Ok well first things first you need to look at what your commander wants from you. Roon has the ability to manipulate creatures on the battlefield: whether they're your own or an opponent. He can blink opponents creatures from combat if there is one that's causing you grief, blink a big defender in the way of one of your attacks, and (most importantly) he can blink your own creatures and cause their ETB effects to trigger. So we'll need creatures that can:
1) Ramp 2) Control the Battlefield 3) Generate some Card Advantage/Utility/Tutor 4) Enable Aggro
Now of course given Roon's colors there is lots of room to pop in some great non-creature spells as well. We're looking for anything that can grab us whatever we need from our creature toolbox, manipulate the field to our advantage, and of course some effective removal as well.
So for ramp I'm thinking:
For Battlefield control:
- Acidic Slime - Angel of Serenity - Bane of Progress - Duplicant - Knight of Autumn - Reclamation Sage - Terastodon - Venser, Shaper Savant - Austere Command - Supreme Verdict - Cyclonic Rift - Eerie Interlude - Aura Shards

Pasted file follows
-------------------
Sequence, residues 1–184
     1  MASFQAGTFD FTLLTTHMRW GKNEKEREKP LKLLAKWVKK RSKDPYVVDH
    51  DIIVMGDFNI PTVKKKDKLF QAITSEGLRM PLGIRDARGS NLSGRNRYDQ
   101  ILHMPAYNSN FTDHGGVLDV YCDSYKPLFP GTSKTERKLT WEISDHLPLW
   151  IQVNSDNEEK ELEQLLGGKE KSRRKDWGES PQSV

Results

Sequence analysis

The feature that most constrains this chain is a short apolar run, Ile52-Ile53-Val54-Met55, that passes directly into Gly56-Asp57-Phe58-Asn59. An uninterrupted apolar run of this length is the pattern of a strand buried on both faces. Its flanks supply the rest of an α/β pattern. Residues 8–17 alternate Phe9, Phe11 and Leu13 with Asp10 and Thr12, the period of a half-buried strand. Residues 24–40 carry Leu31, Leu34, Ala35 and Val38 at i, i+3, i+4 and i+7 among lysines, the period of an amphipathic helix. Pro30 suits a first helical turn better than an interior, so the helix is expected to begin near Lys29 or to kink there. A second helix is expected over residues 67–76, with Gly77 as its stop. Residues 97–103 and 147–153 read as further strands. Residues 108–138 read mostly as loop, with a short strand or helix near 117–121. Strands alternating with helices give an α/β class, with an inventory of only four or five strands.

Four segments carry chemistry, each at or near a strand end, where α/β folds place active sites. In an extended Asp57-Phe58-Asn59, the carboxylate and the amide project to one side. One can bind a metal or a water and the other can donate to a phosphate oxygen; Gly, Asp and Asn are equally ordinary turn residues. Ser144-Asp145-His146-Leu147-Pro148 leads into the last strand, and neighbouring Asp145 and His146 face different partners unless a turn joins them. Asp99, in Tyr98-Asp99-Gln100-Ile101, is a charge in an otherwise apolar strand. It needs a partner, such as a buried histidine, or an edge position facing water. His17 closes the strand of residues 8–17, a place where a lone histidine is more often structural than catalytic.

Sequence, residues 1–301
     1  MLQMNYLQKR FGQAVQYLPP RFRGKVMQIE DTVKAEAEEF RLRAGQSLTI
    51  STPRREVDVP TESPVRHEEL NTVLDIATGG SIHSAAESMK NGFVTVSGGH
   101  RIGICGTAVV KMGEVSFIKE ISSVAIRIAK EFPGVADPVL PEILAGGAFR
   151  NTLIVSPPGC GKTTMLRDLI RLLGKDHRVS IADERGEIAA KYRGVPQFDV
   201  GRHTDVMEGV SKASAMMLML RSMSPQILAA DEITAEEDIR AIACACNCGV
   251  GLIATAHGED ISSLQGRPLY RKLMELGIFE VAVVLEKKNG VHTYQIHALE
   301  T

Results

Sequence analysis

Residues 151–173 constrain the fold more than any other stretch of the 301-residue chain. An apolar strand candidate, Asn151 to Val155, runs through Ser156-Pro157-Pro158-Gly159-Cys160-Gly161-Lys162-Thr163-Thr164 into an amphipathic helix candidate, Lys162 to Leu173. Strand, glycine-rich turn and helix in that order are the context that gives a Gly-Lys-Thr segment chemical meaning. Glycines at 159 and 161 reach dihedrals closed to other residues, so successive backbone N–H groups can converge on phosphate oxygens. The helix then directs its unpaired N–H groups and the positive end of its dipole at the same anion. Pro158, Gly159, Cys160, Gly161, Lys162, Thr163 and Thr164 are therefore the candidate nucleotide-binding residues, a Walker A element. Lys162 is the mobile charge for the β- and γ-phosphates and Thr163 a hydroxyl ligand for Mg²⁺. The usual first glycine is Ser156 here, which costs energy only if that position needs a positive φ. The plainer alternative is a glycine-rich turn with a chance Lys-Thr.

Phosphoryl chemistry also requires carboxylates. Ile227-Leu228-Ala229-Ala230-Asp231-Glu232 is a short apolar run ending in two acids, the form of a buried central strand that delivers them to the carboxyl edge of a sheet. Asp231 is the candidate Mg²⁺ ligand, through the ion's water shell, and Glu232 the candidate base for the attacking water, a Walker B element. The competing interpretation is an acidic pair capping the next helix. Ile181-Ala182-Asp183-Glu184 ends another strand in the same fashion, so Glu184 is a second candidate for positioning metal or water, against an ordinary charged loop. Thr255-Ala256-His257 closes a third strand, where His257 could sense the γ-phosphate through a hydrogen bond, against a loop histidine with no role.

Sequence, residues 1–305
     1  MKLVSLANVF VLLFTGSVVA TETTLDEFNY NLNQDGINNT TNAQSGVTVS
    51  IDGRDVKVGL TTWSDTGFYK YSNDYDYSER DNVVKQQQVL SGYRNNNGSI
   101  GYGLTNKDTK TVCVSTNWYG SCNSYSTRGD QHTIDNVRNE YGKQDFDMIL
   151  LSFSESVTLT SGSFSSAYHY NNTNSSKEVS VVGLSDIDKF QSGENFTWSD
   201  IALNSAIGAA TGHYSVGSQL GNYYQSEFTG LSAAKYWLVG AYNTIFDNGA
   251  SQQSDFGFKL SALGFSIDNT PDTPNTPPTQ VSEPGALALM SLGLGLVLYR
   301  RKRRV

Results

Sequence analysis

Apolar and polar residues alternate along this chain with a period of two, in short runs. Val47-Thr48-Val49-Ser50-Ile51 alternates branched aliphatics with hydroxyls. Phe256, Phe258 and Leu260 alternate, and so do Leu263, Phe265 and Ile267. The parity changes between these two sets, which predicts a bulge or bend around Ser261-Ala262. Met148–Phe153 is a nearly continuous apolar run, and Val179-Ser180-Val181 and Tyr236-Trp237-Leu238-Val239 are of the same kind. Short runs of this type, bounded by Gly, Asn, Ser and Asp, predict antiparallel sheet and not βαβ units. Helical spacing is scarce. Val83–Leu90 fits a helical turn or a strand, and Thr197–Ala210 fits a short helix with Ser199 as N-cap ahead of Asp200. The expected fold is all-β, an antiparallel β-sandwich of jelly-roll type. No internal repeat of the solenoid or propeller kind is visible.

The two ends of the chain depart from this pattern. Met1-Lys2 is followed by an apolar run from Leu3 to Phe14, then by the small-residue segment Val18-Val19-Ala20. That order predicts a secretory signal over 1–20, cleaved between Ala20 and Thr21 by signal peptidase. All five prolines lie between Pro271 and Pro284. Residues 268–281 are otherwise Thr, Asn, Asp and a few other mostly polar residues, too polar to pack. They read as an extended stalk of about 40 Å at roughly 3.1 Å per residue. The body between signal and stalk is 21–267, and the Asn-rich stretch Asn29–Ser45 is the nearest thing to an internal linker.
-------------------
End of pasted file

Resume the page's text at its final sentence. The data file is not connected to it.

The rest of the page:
- Ephara, God of the Polis - Eternal Witness - Karmic Guide - Mulldrifter - Prime Speaker Zegana - Recruiter of the Guard - Reveillark - Seedborn Muse - Sun Titan - Woodland Bellower - Eldritch Evolution - Green Sun's Zenith - Tooth and Nail - Wargate - Chord of Calling - Eladamri's Call - Birthing Pod - Garruk, Caller of Beasts - Venser, the Sojourner
And those are just to name a few cards. Of course you have access to a lot of ETB copy stuff like Clever Impersonator that turn into whatever you want it to turn into when you blink it in; they can really turn the tide in your favor. I did up a proto-type deck here: Roon Proto-Type. Give it a test run and let me know what you think about it.
3 weeks ago
Three card combos are just difficult to make work in modern.
Vizier of Remedies
are kind of a corner case.
First, I want to make you aware of another three card combo which doesn't work in modern which operates on almost the same level as Devoted Druid + Vizier of Remedies : Grand Architect + Pili-Pala .
On the surface these two combos are pretty similar. You have a creature that generates mana but suffers from summoning sickness, and another creature that breaks the former and lets it produce infinite mana. Both combos feature creatures that cost 3 or less. One combo is in blue, the other in G/W. Both require some third thing to exploit infinite mana to win.